Man charged over attack on Neil Lennon
LONDON (Reuters) - A man suspected of attacking Celtic manager Neil Lennon during his team's match against Hearts appeared in court on Thursday charged with assault.
Lennon, who has received death threats in the past and was sent a bullet in the post on Thursday, was attacked near the dugout by a fan who ran from a stand housing Hearts' supporters during Wednesday's game before being wrestled away.
The incident occurred shortly after Gary Hooper scored Celtic's second goal four minutes into the second half of the match in Edinburgh which the Glasgow side eventually won 3-0.
John Wilson, 26, appeared at Edinburgh Sheriff Court where he was charged with breach of the peace aggravated by religious prejudice and assault aggravated by religious prejudice. He was remanded in custody.
Wilson was later banned for life by Hearts, who said they had taken the "severest action open to set the strongest possible deterrent.
"While not wanting to prejudge the outcome of the court case, all true Hearts fans will have been disgusted by what they witnessed," the statement added.
The attack was the latest in a succession of serious incidents involving Lennon, which have raised concerns about religious bigotry and sectarian violence particularly between fans of Celtic and their Glasgow city rivals Rangers.
The acrimony between Celtic, who have a predominantly Catholic fan base and Rangers, whose supporters are mainly Protestant, is long-running and deep-seated.
"Last night's appalling attack on Neil Lennon brings shame on Scottish football and again highlights the fact that Scottish society must address fundamental and serious issues which lead to outrages of this kind," Celtic chief executive Peter Lawwell said in a statement.
LENNON SENT BULLET
On Thursday a package had arrived at the club's home ground which appeared to contain ammunition, Lawwell added.
Media reports said it was another bullet which had been addressed to Lennon, a Northern Irish Catholic.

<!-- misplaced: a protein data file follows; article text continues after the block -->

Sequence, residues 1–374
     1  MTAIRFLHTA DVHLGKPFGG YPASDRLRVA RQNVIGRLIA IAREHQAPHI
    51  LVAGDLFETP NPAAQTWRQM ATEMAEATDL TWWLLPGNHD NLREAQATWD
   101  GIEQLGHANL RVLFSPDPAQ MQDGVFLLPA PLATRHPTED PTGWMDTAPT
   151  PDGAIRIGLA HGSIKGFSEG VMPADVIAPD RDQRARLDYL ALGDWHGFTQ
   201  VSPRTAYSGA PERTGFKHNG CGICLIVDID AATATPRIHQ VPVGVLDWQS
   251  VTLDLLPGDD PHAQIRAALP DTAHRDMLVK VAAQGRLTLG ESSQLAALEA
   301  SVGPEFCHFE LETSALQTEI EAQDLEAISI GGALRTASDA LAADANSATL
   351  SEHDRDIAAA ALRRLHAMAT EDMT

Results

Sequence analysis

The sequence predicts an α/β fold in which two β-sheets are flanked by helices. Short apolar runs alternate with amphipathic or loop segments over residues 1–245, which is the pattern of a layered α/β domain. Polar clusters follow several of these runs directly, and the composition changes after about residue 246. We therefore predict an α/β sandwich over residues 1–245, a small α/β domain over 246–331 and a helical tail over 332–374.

In January, packages, posted in Northern Ireland, containing bullets were sent to the Celtic manager and one of the team's players.
"Since moving here a decade ago, Neil Lennon has had to endure prejudice and violence both as a player and manager, having suffered no such problems elsewhere," Lawwell said.
Meanwhile police said two men had been detained in connection with an investigation into parcel bombs sent to Lennon, and two of the club's high profile fans.
Strathclyde Police said the men aged 41 and 43, were detained under the Explosives Substances Act 1883 after officers made dawn raids on a number of properties in Kilwinning, Ayrshire, southwest Scotland.
Last month police detectives said the parcel bombs could have caused "real harm."
Assistant manager Johan Mjallby told Celtic's official website (www.celtic.fc.net) that Lennon had been shocked by Wednesday's incident.
"It's a disgrace," he said. "He's had death threats and he's shaken right now. I have never seen anything like it.
"Neil's a strong character and he's coped with a lot this season and has still been able to work with this team and improve it, so we'll have to wait and see how he feels, but we're all desperate for him to continue doing his work."
(Additional reporting by Stefano Ambrogi and Tom Pilcher, Editing by Martyn Herman and John Mehaffey)
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